Researchers have demonstrated that antibiotic-resistance plasmids persist in the absence of antibiotics, provided that the efficiency of plasmid transfer exceeds a critical threshold, highlighting the limitations of ‘resistance-reversal’ strategies.
Browsing: Bacterial > E. Coli
Researchers have analyzed the microbiomes of flies, suggesting that these insects could have more disease-carrying potential than previously thought.
Researchers have unveiled novel pathways controlled by the multiple antibiotic resistance operon and identified new ways in which bacteria protect themselves against antibiotics.
In this infographic we summarize the clinical candidates reported by the WHO – indicating which diseases they are active (or possibly active) against, whether they’re considered innovative and which Phase the trials are currently in.
In this piece, the authors give an overview of anti-virulence drugs, designed to selectively target key virulence factors of pathogenic bacteria, and one strategy for new antimicrobials.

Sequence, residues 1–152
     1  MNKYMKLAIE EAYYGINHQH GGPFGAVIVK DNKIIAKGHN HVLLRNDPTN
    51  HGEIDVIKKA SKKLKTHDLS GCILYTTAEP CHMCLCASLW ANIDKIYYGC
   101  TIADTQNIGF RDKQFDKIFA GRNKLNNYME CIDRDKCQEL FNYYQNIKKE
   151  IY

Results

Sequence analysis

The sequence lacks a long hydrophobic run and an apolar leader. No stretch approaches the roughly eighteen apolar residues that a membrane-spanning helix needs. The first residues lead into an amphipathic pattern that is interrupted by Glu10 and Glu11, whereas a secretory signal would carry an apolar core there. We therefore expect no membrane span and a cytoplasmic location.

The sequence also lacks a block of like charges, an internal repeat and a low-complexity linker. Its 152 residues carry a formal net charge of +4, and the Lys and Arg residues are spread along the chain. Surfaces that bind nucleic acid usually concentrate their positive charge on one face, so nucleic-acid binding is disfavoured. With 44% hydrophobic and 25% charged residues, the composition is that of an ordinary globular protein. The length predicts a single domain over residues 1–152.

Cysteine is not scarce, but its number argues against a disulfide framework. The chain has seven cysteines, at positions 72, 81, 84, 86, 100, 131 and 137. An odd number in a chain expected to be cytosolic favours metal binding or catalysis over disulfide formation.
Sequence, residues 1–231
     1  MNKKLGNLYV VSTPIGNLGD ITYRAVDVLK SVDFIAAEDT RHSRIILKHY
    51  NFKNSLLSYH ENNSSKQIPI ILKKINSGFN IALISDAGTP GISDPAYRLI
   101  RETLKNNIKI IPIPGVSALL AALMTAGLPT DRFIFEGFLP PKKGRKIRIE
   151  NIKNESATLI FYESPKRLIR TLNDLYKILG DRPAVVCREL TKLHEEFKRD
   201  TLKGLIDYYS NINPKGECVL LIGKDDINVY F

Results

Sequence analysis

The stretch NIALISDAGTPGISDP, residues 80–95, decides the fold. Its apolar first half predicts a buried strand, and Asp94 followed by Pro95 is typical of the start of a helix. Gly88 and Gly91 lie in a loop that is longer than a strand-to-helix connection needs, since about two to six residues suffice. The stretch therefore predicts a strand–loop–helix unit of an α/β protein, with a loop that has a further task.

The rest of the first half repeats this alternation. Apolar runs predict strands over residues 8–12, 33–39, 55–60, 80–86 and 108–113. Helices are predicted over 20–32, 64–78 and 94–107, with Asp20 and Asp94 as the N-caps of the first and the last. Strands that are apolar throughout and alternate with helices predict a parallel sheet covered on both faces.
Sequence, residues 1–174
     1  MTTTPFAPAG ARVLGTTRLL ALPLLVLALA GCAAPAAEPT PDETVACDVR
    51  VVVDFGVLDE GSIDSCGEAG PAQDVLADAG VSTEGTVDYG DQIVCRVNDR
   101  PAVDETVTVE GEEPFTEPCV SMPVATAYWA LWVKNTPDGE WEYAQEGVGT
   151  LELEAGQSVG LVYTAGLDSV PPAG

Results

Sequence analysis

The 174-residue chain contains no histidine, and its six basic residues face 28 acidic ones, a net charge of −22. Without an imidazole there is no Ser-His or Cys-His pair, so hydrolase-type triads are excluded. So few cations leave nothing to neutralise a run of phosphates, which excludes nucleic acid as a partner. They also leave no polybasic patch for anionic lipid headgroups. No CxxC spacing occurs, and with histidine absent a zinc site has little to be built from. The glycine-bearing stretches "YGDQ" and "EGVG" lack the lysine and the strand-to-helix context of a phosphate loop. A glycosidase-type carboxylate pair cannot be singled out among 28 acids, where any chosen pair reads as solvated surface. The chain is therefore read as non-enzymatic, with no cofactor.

Scientists have unveiled the molecular architecture of two key proteins required for bacillus cell wall elongation. Inhibiting their interaction could provide a new mode of action for antibiotics against highly resistant bacteria.
A recently published study has uncovered how an antibiotic that targets a metabolic pathway to starve bacteria of a nutrient can lead to cell death, shedding light on the downstream effects that can account for toxicity.
Researchers have developed novel antimicrobials, such as metal-complexes, that could be used to treat infections – either as alternatives or supplements to traditional antibiotics – caused by multidrug-resistant bacteria.
Silver nanoparticles have long been used as potent antibacterial agents. However, toxicity concerns of silver nanoparticles have limited their successful clinical applications. This research reports a simple and cost-effective method for the synthesis of nickel-prussian blue@silver nanocomposites.
Julie Kaiser discusses the findings and implications of a recent study published in PNAS modeling the sequence of events that increases the risk of colonization and infection with multidrug-resistant (MDR) bacteria.